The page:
While CARES claims to support medical marijuana and the businesses associated with it, their members on the panel offered standard reefer madness-style rhetoric and fear-stoking, as well as misrepresentative statistical data. It was the kind of spectacle that leads to oblivious or pre-biased voters thinking that retail cannabis business of any kind is a one-way ticket to a suburban hellscape, marked by stoned children and the full disintegration of societal norms.
On the CARES side, much of the “experts say” and fact-sourcing came from anecdotes, including one a member heard “from someone I know at the the front lines” It’s a view that sees only negative impacts of recreational marijuana establishments. For them, it’s all about perception, and perhaps preconceptions. As panel member William Kingkade, chairman of the Milford Board of Selectmen, said in his time on the mic, “I think it could be that way if we’re the only town around with proximities to highways.” Referencing the ribbons of interstates and major routes flanking the town, Kingkade added that offering such wide-open accessibility, involving a product and plant “we know so little about,” was something like lowering a drawbridge for pot-smoking barbarians wailing and gnashing their teeth waiting to stampede.
With fantasies like that, it’s no wonder that the group is fine quoting DrugRehab.com on its FAQ page. Soothsayers associated with that resource predict how the regulated cannabis adults may procure for recreational use is different from medical because “medicinal marijuana often is rich in CBD with little or no THC.”
Medical good. Recreational bad.
The largely older room was already shaking its collective head when John Scheft, a lawyer who has worked with retail opposition groups as recently as last year, told people who have cannabis nostalgia that “it wasn’t that bad” back in the day, whereas “right now the products that [retail cannabis businesses] sell, that they market, are 60-70-80-90% THC.” Of course it’s people like this, along with their fellow conservatives, who turn out in higher numbers for special elections like the one on Tuesday.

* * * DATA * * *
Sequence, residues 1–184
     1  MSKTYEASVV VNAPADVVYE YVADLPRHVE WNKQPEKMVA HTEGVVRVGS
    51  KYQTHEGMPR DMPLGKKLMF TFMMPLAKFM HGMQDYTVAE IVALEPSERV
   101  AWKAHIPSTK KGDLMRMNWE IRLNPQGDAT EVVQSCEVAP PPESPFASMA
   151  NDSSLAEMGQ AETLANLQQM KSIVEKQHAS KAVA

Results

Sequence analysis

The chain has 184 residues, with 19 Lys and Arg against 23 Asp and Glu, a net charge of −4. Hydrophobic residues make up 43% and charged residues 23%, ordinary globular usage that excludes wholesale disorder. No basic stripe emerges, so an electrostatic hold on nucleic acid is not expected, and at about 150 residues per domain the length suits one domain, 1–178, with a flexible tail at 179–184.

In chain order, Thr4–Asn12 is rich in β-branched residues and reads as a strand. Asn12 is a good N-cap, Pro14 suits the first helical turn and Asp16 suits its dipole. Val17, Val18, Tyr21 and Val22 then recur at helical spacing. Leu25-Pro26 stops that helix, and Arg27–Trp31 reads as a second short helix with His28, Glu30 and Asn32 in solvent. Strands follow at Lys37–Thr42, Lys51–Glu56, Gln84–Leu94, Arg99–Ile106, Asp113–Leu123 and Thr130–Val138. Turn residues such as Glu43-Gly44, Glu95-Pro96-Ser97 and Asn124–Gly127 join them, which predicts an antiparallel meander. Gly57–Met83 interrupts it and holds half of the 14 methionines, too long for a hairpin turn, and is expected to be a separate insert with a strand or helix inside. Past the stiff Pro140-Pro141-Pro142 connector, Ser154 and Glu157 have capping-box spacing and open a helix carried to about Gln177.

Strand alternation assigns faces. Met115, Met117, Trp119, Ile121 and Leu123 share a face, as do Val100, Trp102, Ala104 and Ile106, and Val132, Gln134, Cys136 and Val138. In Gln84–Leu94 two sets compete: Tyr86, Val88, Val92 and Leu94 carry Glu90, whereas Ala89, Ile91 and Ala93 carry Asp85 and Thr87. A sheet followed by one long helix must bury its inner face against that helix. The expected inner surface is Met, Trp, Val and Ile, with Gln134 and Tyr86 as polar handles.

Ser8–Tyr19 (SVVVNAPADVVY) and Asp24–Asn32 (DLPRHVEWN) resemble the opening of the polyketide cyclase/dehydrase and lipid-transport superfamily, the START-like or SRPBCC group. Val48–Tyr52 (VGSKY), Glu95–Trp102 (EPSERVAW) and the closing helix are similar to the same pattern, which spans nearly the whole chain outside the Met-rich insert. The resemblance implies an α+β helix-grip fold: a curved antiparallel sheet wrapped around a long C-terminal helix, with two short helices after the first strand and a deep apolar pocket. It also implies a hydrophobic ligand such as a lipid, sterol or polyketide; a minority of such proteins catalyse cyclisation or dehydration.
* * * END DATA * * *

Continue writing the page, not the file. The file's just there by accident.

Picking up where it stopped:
If there were any refutations, they were not heard—a curiosity in an ostensibly public town forum, especially given the importance of the upcoming vote. Since zero questions were allowed during the presentations, when the constituents were gathered together and listening, following the forum marijuana advocates like Hudalla were forced to address panelists one-on-one, quietly, like a point-counterpoint confessional away from swayable ears.
The original social media invite for last week’s event listed local state Rep. Brian Murray as a forum speaker. However, the Milford CARES group claim that his involvement was dependent on “neutrality”—a media rep for Milford CARES told DigBoston they first believed the representative was “neutral on this critical issue”—but after learning that he supported the recreational cannabis industry, members disinvited Murray (they said he was still allowed to attend). Asked why they blocked his voice, as well as those of Milford Citizens for Fairness, the rep said, “All communications regarding the forum clearly indicated it was a Milford CARES event… We encourage the proponents of the ‘no’ vote to plan and orchestrate their own public forum.”
Given the time crunch for those supporting the no vote on Tuesday, and the entrance of legal retail operations in a crucial logistical town for Mass grass, for those who live in Milford, the only forum left to sound off in at this point is the voting booth.